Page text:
Dear Everyone ~
I have been collecting vintage correspondence for many years.
I’ve discovered letters at various venues, at home and abroad,
most of them from the 1800s (and a few that are even older).
All of them were beautifully written by hand, with nibs or quills,
at a time when paper was precious.
How they look and feel is more captivating to me than what they say,
especially as many of them are in languages I don’t read.
Until the 1870s in the U.S., all paper was made from cotton rag,
and those fibers were longer and stronger than the wood fibers now used for papermaking.
The letters in my collection are still in excellent condition,
and the creamy paper is sturdy enough (even when it’s relatively thin)
to cut and score and fold and adhere … and can you see where I’m going
I’ve decided to decant my archive of vintage correspondence
and put these mesmerizing sheets to new use.
I’ve covered a limited edition of buttonhole stitch books,
and I’ve also set aside some sheets for gift-wrapping.
And I’ve made a (very) few small bags, which are splendid for holding baby envelopes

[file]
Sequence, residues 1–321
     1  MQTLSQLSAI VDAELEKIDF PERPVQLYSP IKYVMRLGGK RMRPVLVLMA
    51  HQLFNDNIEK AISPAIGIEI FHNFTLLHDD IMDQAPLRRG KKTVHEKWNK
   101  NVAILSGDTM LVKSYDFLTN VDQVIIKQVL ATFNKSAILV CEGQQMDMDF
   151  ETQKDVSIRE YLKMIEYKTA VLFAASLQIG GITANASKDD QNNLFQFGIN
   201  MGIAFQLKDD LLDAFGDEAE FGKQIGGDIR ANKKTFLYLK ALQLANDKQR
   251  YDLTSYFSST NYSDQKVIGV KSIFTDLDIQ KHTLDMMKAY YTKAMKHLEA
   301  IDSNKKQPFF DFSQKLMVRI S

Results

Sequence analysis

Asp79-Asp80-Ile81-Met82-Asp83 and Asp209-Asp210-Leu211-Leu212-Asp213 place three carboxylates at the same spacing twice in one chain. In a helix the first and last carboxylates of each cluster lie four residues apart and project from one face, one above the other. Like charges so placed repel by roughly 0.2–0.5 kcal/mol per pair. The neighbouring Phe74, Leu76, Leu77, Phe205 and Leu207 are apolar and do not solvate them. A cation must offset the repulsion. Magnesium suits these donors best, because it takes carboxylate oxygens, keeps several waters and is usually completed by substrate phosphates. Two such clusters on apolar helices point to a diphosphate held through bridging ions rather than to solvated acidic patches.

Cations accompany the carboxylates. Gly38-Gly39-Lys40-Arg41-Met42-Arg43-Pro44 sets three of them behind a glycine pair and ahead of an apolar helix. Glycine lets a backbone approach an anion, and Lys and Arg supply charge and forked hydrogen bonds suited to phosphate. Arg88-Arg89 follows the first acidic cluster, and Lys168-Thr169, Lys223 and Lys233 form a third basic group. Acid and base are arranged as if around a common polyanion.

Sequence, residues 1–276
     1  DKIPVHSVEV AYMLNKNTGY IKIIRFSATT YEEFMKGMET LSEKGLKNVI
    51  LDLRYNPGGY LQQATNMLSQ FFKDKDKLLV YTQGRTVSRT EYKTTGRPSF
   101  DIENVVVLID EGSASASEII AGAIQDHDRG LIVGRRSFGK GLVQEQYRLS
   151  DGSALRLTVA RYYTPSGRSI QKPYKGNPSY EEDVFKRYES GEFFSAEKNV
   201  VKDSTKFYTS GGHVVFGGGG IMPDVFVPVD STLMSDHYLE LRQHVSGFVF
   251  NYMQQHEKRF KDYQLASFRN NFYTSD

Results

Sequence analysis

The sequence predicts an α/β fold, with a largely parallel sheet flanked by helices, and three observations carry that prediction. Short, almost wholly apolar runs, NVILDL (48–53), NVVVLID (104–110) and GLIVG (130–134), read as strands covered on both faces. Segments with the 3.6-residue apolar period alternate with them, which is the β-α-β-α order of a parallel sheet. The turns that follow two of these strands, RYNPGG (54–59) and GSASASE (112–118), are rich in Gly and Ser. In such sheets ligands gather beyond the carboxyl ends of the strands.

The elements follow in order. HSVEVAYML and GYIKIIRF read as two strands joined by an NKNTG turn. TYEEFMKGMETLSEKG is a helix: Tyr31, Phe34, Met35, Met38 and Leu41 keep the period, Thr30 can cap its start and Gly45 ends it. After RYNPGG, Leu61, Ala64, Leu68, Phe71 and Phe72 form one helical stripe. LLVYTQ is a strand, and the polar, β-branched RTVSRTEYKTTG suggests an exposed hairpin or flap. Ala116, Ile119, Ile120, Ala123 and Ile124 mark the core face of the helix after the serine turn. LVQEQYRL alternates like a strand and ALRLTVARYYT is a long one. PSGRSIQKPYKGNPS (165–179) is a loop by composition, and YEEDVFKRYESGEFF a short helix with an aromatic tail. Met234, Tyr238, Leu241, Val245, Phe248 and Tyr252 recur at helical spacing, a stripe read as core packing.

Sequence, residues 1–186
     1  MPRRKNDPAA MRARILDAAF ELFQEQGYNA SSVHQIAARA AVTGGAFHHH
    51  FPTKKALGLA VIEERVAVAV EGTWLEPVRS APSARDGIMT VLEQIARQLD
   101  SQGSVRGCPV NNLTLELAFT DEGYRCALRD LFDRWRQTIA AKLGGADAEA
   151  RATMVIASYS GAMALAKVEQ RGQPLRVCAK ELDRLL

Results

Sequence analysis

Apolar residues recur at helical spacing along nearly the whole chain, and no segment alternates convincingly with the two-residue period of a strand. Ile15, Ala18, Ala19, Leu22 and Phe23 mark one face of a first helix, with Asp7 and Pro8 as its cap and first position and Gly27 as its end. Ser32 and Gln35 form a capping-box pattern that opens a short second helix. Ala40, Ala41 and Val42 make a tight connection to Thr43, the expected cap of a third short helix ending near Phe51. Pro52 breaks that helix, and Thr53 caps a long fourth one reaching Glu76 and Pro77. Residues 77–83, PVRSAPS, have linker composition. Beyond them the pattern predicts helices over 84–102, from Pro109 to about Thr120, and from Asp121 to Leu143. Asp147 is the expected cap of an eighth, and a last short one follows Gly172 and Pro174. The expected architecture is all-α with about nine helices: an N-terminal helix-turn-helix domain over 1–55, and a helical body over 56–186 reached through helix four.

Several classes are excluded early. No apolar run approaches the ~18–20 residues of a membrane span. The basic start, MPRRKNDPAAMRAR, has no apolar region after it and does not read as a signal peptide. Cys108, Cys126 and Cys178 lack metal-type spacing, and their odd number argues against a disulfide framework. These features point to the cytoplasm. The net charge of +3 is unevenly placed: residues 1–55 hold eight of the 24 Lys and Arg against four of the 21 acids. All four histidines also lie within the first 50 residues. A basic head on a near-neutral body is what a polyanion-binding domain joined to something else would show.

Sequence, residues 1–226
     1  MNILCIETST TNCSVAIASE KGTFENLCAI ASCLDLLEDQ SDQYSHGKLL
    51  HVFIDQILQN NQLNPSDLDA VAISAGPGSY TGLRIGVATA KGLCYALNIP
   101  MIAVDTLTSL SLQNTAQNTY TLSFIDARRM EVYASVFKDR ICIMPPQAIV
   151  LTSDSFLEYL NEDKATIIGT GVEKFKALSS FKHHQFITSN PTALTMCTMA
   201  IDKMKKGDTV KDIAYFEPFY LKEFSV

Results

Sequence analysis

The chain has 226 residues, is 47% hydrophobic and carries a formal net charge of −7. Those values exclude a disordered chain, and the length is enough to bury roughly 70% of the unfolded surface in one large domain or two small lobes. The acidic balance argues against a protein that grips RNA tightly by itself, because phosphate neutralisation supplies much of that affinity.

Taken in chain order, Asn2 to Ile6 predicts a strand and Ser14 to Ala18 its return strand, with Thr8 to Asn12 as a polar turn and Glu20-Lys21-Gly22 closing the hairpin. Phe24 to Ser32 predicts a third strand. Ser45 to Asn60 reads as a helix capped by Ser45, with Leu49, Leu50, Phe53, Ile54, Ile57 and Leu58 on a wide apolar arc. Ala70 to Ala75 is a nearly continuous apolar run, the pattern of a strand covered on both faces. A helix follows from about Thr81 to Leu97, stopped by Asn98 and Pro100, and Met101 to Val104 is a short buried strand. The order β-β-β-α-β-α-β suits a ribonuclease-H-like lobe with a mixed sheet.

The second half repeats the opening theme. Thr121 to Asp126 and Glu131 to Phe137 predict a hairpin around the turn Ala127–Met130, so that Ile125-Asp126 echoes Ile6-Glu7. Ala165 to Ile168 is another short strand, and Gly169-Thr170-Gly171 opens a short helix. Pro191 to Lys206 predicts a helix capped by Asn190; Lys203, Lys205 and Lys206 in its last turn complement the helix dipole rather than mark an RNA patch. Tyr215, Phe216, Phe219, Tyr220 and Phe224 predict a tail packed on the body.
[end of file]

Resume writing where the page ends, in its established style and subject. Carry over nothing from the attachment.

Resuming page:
and, inevitably, rolls of washi tape.
I propose to wrap boxed items, such as Italian paper clips,
as well as petite Rivoli pads, enclosure samplers,
and even small Euro-folders.
Several years ago, I acquired ledgers of lightweight “tissue-y” paper
that had been used, with carbon paper, to keep a record of outgoing typewritten correspondence.
Magically, the carbon paper turned the copies an incredible shade of teal.
These pages are wonderful for wrapping small items in what I call “bonbon style”,
with a length of ribbon or bakers twine at each end.
This is a dreamy way to give someone an Italian glue stick
or a German Duroplast pencil sharpener.
In the dropdown menu for each shop listing mentioned above,
you’ll find a “PLUS” option showing the cost of gift wrapping.
If you’d like to see whether an item not specified above can be wrapped
(or bagged) in vintage correspondence, please email (email@example.com)
or call me at (773) 294-7766.
I’ll be able to tell you right away how I’d propose wrapping it.
Very epistolarily, Bari